Unlike its campaign, multiplayer in Infinite Warfare is, well ... safe.
The last Call of Duty game that Infinity Ward worked on, Ghosts, messed with a lot of the systems that worked so well in Black Ops 2. It took risks, shifting from the simple and elegant Pick 10 system to something far more convoluted. It also suffered from technical and balance issues. This year, it feels a bit like the developer decided to take its biggest risks in the campaign, while playing it very safe on the multiplayer front.
If you played Black Ops 3, the multiplayer in Infinite Warfare is damn near identical. Movement feels the same, with boost jumps and wall-running returning. Character abilities work the same as well, although this time they’re locked to specialized rigs that come with a selectable super and passive ability. Some of the perks have been switched around, and the killstreaks are a little more space-oriented — laser bombardments instead of explosives, for example — but for the most part, this is Black Ops 3 multiplayer with new maps and some bells and whistles tied on.
One of those bells is a new system called Mission Teams. Before each match, you’re able to select one of three random objectives. These objectives are determined by your chosen team. The first team you unlock is the easiest, with objectives focused on getting kills with guns or abilities. As you level up, you’ll unlock new teams with more varied and challenging objectives.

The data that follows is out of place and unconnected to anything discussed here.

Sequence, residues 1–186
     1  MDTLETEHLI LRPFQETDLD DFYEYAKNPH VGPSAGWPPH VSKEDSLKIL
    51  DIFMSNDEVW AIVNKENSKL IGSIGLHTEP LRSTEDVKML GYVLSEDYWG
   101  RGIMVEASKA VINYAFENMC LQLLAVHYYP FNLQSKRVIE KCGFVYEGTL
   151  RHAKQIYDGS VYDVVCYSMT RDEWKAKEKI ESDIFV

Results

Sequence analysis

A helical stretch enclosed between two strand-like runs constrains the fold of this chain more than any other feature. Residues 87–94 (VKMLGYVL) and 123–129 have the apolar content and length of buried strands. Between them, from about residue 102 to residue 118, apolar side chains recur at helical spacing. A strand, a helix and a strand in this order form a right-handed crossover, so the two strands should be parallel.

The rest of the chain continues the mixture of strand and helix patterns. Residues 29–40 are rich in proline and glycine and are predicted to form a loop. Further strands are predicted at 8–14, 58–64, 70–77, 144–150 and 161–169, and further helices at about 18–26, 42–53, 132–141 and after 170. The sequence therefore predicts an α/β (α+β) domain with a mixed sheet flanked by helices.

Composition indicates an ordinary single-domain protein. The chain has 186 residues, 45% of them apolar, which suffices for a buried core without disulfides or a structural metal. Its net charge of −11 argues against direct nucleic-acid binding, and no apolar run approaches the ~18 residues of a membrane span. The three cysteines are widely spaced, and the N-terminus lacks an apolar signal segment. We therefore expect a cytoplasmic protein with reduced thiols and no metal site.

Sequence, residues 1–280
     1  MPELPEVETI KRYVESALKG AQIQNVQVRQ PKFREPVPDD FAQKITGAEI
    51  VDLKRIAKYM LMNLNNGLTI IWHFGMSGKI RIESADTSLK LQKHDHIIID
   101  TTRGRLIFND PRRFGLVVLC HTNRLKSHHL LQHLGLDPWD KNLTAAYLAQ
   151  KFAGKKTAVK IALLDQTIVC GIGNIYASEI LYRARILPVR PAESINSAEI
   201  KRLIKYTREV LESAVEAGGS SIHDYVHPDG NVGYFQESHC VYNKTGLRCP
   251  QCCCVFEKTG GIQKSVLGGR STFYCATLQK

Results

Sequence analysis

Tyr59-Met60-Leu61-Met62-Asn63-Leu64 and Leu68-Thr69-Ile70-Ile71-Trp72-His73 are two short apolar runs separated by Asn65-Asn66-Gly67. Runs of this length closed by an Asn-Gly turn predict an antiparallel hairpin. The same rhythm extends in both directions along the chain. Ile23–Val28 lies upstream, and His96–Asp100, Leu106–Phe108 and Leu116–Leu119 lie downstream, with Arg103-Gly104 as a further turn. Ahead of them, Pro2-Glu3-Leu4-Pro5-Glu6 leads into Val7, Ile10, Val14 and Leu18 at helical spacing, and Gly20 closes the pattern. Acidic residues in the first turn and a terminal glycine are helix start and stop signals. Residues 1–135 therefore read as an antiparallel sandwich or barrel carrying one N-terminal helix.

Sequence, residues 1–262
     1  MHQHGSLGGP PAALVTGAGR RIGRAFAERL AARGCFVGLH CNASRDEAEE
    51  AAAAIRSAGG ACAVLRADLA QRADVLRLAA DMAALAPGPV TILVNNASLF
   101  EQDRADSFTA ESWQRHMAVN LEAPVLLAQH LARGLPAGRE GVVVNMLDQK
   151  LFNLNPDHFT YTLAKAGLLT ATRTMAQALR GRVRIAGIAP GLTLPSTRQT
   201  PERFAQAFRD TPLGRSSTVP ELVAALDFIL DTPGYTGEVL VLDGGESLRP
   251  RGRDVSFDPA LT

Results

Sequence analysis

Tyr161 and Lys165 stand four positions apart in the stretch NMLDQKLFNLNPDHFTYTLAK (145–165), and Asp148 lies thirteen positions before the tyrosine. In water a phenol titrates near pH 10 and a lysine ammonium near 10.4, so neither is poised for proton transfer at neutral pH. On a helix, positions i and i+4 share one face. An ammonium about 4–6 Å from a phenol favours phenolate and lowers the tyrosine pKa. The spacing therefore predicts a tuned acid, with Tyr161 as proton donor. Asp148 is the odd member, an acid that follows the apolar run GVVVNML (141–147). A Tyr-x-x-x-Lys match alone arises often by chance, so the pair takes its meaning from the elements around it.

Why does this work? Finally there’s a reason to finish a match. Call of Duty has a bit of a reputation for being brutal on newcomers, and if you’re losing by a boatload, you may feel like you’re just throwing yourself into a meat grinder over and over again. With Mission Teams you have something to work for, even if the match is a total loss. Completing these mini-objectives will level up your Mission Teams and eventually unlock skins and new guns that are exclusive to that team. It’s a nice addition for more casual players who want to feel like they’re actually making progress without destroying the flow for everyone else.